Class 2 - Week 11 - Constraints: Part II

When it comes to constraints, there are a near infinite amount of
ways to achieve the same effect and for the most part, as long as
the method used gets the effect you were looking for, all is good.
Since I can't go over every scenario, I'll be going over a few of
the methods we picked up from our mentors and fellow students.

Before I start going over different techniques and tips, I'd like to
say that you don't always need to use constraints in your shot.
There are many instances where it's actually easier to animate the
shot frame by frame, making sure the object stays where you need it,
instead of trying to figure out how to set up a complex constraint
system. Plus, with constraints, there is often the tendency to not
animate things as naturally as when you do things manually.

With that out of the way, let's get back to the nitty-gritty!

The first workflow tip is one I learned from Kevin Freeman. If you
need to constrain an object to your character's hand, always try to
constrain it to the finger controls instead of the wrist. It will
act exactly the same and allow you to switch the arm easily between
FK and IK modes without having to constrain the object twice or make
multiple copies of it.

Constraint / Parent Combo

This following method is probably the most helpful constraint tip we
learned throughout our time in AM and is the method we use for
nearly all our constraint needs. What makes this workflow so great
is while regular constraining doesn't allow you to move the
constrained object's position after constraining, this method will
give you back the control and allow you to tweak the position of the
object to your heart's content!

I was going to write about this method myself but a fellow AM
student, Vedanth Rajan, pointed me to this awesome video tutorial that
uses basically the same workflow.

If you want more constraint videos like the one above, I've linked to
all his different tutorials on different constraint situations at
the bottom of this post.

Con Follow

But what about the inverse, when you want the hand to be constrained
to a object instead? This is actually a bit simpler as the AM rigs
have a way to give you extra control already built into them. The
key is to turn on the Con Follow attribute, which will give you an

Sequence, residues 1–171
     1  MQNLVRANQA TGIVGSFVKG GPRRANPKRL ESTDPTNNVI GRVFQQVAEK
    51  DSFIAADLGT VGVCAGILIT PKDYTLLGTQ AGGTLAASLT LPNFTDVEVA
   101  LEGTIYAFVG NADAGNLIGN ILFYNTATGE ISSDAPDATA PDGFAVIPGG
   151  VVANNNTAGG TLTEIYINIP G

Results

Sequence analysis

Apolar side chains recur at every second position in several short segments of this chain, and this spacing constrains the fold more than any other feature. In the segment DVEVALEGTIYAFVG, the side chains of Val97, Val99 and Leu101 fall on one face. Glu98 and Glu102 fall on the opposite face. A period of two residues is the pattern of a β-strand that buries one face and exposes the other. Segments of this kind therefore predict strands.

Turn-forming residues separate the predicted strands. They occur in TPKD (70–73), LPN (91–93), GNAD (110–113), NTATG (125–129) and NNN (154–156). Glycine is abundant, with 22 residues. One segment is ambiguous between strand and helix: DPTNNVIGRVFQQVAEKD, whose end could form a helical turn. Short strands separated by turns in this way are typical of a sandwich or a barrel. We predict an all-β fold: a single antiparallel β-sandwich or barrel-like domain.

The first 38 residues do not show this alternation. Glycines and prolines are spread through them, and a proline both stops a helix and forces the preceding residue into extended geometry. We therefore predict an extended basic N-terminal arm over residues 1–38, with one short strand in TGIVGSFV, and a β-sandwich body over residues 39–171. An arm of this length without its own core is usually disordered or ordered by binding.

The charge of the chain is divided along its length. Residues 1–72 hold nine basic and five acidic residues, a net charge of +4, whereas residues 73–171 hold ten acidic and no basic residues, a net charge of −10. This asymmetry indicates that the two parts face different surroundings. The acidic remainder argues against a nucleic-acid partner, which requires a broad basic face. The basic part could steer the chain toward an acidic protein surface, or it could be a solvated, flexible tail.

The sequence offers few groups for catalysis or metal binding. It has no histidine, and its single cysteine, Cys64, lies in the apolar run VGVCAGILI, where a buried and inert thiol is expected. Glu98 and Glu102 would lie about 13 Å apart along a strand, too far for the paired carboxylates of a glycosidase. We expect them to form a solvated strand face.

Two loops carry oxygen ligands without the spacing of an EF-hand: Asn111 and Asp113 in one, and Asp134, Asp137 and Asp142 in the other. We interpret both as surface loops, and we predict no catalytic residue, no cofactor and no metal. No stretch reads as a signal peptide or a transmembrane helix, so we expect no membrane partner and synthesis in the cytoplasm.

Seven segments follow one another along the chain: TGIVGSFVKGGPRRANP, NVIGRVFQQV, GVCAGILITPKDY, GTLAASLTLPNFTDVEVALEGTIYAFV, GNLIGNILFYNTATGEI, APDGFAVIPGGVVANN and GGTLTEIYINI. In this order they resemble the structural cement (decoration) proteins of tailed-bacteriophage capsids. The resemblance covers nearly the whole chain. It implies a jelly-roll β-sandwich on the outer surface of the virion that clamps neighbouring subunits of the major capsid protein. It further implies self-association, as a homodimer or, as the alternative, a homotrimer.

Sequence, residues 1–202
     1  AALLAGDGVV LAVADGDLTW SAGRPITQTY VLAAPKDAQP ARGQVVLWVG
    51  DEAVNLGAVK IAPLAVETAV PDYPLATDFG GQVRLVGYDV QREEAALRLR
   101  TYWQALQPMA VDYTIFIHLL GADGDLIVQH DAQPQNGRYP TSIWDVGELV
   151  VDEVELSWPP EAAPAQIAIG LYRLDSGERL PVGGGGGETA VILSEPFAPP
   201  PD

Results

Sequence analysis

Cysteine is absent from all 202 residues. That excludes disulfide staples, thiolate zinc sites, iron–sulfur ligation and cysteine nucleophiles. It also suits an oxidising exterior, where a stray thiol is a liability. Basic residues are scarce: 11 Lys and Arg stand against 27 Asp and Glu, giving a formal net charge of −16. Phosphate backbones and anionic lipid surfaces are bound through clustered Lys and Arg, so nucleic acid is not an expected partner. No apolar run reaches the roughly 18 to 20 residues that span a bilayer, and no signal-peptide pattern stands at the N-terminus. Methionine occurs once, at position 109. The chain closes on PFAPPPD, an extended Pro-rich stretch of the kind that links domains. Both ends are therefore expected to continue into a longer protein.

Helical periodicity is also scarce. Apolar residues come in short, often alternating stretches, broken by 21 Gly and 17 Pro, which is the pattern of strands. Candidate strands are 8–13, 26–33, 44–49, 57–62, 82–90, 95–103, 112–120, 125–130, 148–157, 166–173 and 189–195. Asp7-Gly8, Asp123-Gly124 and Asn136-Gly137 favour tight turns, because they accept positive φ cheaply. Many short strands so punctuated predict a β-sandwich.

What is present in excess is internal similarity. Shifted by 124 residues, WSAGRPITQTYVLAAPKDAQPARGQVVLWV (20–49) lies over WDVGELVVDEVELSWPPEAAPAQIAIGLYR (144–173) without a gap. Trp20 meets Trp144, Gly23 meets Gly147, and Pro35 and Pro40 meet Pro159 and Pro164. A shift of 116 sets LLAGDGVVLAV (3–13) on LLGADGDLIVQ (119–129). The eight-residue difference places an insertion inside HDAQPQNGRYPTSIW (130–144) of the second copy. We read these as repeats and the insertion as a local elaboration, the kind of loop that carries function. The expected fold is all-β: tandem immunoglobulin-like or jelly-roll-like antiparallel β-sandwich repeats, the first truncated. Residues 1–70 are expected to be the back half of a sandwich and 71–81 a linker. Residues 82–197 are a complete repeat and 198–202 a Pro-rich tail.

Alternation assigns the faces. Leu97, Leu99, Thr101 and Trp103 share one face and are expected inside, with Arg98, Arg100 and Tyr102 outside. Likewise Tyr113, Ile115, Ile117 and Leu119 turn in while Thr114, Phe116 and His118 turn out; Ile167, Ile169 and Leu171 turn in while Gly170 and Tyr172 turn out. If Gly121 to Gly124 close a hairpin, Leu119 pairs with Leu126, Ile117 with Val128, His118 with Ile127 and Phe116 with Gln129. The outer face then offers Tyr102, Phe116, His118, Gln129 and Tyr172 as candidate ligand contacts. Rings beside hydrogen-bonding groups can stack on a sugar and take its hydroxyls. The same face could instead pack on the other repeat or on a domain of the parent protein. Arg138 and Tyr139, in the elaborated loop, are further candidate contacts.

extra control that you can use to move the hand around and
reposition it without breaking your constraint. For this scenario,
let's say you have Stewie playing basketball and as he's dribbling
the ball, you have his hand constrained to the ball. That way it's
easier to get nice arcs. But you don't want the hand to be in the
exact same position each time his hand contacts the ball, or maybe
you want to have his hand grab the ball from a different angle.

To do this, you simply need to set Stewie's arm to Ik and on the
wrist controller, set the Con Follow attribute to 1 and the Layout
Follow attribute to 0. This will reveal a new controller which you
can use to control Stewie's Ik control curve. The great part is that
even though the hand will follow the new Con control, you still have
the ability to key the hand. Which means all you need to do is
parent constrain the con control to the previously mentioned
basketball and you'll have a system that both allows you to have the
hand follow the ball as well as tweak its position.

Constrain to Layout

Here's another tip I picked up from Kevin Freeman. (Seriously, this
guy is a goldmine of awesome tips!) If you have a character letting
go of an object, instead of just turning off the constraint and
letting it go free, constrain it to the master layout control
curve(the one on the ground) using the above video method and just
switch from one constraint to the next. Now, if for some reason you
ever have to tweak the position of your entire animation with the
layout curve, the constrained object will come along without you
having to reposition all the frames where it's no longer constrained
to the hands.

For example, let's go back to the basketball player dribbling a